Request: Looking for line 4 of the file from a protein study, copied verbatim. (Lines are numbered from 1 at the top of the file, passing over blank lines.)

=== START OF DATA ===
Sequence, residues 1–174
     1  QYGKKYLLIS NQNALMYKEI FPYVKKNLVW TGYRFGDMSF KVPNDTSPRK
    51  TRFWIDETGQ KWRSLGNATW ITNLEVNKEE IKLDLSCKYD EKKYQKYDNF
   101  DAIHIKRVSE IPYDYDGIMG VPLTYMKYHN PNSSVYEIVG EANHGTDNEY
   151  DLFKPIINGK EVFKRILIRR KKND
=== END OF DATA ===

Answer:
   101  DAIHIKRVSE IPYDYDGIMG VPLTYMKYHN PNSSVYEIVG EANHGTDNEY